President commemorates first transport of Polish prisoners to Auschwitz
President Andrzej Duda commemorated the 80th anniversary of the first transport of Polish prisoners to the Auschwitz Nazi-German death camp, in south-eastern Poland, during a visit to Oswiecim (Auschwitz) on Sunday.
The first transport of 728 Poles, who were political prisoners from a prison in Tarnow, southern Poland, arrived in the camp on June 14, 1940.
Duda laid flowers at the site where the train with the prisoners stopped in Auschwitz.
In his address, the president said that the Auschwitz site carried the memory of the people who perished there, and appealed for this memory to remain alive, so as to prevent similar atrocities in future.
Duda stated that this earth "is drenched with blood and strewn with the ashes of incinerated human bodies. Earth that calls for remembrance, earth that also calls upon us to never forget, for something like this to never happen again. That no man (...) should even consider to commit such immeasurable, unimaginable evil to other people anywhere in the world," the president said.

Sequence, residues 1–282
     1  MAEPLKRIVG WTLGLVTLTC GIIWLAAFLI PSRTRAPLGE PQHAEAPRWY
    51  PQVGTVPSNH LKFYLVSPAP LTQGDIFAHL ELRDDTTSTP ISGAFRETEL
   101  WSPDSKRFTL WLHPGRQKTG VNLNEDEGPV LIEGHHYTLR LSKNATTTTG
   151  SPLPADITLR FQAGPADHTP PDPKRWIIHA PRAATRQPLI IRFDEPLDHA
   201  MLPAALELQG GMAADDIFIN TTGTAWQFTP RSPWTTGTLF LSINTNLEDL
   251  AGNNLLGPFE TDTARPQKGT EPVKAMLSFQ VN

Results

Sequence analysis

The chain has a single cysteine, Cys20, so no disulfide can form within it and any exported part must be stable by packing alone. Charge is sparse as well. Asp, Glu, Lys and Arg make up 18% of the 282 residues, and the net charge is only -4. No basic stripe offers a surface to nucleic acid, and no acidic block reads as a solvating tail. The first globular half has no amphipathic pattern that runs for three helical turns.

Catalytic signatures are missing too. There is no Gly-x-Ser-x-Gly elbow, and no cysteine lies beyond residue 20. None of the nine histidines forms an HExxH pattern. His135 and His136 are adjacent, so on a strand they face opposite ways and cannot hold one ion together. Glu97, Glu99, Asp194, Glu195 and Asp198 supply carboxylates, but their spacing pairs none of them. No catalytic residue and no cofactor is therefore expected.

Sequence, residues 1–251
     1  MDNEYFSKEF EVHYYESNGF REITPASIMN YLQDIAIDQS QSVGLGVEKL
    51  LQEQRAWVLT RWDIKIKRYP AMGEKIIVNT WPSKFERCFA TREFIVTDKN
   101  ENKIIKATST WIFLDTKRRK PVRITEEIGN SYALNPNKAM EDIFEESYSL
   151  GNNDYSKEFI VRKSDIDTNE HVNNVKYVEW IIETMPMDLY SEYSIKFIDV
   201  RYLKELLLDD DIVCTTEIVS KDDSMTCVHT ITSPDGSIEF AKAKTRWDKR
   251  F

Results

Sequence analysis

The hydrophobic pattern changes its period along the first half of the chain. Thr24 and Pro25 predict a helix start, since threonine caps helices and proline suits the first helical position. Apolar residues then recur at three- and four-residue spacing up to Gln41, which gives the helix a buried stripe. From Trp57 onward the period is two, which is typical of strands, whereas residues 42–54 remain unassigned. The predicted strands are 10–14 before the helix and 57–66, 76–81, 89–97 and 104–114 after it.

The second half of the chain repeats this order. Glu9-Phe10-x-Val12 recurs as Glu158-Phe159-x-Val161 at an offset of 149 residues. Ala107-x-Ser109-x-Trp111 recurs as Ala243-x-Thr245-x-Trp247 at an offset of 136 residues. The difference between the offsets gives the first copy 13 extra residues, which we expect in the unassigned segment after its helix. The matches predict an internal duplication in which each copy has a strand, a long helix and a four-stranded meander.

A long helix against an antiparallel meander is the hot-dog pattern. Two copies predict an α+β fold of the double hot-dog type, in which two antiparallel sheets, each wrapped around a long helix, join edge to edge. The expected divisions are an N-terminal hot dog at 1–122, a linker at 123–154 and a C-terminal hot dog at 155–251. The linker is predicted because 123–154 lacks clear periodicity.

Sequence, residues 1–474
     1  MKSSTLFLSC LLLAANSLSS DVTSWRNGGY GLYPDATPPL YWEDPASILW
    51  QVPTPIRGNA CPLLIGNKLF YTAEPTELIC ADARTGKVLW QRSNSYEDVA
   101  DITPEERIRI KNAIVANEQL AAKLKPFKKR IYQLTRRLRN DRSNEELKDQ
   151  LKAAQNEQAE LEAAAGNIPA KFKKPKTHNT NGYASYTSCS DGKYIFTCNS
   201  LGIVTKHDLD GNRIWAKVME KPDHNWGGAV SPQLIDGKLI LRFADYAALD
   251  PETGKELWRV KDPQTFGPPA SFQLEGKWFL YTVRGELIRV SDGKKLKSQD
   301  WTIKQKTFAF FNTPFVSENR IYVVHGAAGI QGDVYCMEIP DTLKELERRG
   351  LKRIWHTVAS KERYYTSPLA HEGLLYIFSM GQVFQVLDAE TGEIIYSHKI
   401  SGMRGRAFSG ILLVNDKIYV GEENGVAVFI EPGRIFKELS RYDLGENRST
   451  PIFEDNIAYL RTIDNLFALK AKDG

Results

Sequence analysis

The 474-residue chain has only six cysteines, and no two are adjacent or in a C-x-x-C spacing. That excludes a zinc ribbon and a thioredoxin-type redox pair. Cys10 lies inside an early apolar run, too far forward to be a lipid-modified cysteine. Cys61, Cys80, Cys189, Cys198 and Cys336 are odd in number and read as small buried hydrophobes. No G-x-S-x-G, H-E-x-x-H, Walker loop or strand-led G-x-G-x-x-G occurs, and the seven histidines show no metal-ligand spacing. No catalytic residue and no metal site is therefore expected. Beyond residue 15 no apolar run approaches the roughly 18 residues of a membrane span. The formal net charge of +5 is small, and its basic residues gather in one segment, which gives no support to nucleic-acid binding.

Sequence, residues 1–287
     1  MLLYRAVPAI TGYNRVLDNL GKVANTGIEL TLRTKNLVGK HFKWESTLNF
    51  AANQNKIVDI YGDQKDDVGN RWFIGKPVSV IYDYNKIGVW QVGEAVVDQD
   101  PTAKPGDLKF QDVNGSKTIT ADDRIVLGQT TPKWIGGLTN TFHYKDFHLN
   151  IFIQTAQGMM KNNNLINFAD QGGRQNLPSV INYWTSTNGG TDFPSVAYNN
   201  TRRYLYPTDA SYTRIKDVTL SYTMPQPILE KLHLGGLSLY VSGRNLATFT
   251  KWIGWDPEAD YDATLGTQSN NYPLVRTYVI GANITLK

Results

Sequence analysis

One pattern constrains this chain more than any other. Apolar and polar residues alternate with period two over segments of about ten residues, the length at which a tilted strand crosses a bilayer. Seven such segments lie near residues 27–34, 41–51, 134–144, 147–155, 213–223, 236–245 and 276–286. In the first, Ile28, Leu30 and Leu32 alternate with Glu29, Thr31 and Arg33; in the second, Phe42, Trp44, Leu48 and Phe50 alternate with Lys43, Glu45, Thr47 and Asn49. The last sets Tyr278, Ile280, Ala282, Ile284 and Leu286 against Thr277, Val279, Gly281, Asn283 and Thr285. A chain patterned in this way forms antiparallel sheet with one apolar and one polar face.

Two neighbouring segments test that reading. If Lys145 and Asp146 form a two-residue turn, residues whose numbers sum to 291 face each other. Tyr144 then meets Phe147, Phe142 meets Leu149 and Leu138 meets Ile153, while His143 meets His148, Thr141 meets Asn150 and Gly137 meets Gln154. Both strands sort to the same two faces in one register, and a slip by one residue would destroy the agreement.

The Auschwitz concentration camp was built by the Germans in 1940 as an incarceration site for Polish nationals, but soon began to receive transports of Jewish descendants from all over Europe. Enlarged by its Birkenau section in 1942, Auschwitz became the main site of the Jewish Holocaust. Nazi Germany killed at least 1.1 million people in the camp, including hundreds of thousands of Polish citizens, mainly of Jewish descent.